In this week’s ‘Daf Yomi’ Talmud study, Jews may not realize the origins of a central idea of modern social justice
In this week’s ‘Daf Yomi’ study, a premodern post-modern analysis of what exactly constitutes writing, in the physical act of making indelible marks on surfaces. Plus: Need to deliver a ‘get’ to your wife but out of paper? Talmud says: Write it on a slave!
There’s no way to sugarcoat it: Talmudic rabbis think women are dangerous sex fiends who should avoid Torah study—and as a consequence prescribe humiliating guilty-until-proven-innocent public shaming ceremonies
A Magical Potion Reveals and Humiliates Sexually Unfaithful Women—and Shows Talmudic Rabbis Declaring One of Their Own Rituals Obsolete
Also in discussion during this week’s ‘Daf Yomi’: How long does the sex act take? As long as it takes to eat an egg, or to reach for a loaf of bread?
Decomposing Bodies, Congealing Carcasses, Handfuls of Corpse Dust, and Other Interests of the Rabbis
The Talmud’s obsessions are not necessarily our own, and in this week’s ‘Daf Yomi,’ the ancient wise men engage in theoretical debate over ritual impurity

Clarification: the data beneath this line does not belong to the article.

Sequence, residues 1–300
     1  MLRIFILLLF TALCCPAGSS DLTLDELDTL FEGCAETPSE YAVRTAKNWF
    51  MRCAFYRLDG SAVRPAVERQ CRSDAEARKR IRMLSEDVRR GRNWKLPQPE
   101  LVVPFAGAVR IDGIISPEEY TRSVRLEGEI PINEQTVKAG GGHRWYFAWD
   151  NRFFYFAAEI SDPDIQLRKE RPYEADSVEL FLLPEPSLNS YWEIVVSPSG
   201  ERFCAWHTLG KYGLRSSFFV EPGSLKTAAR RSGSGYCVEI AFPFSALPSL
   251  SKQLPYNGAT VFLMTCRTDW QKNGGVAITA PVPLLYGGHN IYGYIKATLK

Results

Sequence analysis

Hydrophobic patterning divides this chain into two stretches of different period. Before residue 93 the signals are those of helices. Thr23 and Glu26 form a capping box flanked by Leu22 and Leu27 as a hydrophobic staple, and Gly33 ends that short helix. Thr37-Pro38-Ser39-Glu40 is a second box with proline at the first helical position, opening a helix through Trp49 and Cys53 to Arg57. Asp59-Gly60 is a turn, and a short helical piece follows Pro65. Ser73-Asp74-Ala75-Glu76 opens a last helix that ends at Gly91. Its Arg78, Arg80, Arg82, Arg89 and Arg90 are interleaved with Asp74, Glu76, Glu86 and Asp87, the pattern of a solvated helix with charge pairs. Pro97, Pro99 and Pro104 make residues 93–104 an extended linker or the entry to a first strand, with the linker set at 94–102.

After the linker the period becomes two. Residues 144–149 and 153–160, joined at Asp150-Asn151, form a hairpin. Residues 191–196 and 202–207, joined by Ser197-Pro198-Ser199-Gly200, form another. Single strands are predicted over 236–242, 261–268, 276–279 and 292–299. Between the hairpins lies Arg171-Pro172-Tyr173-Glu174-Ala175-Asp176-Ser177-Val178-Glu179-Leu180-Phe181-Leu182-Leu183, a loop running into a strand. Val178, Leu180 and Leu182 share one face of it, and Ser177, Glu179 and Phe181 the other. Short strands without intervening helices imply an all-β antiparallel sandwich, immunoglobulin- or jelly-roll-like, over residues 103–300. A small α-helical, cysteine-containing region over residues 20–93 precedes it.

An ancient story about an eager rabbi and a proud butcher offers a lesson in foreign policy
Bridging the abstract simplicity of divine pronouncements to the practical mess of everyday life
In rabbinic Judaism, learning replaces noble birth as a source of power and status—including the power to avoid state responsibility
Along with other questions of mind and body, this week’s ‘Daf Yomi’ is also a field guide to Talmudic-era cuisine
This week’s Talmudic debate is centered on the perceived and real benefits of study, teaching, and sacrifice
In this week’s ‘Daf Yomi’ study, why vows are hardly sacred, and why circumcision is the most glorious of rituals
Bridging the gap between biblical terseness and the needs of a functioning Jewish legal system
Why Talmudic law is precise, and how practical matters can test the moral foundations of the system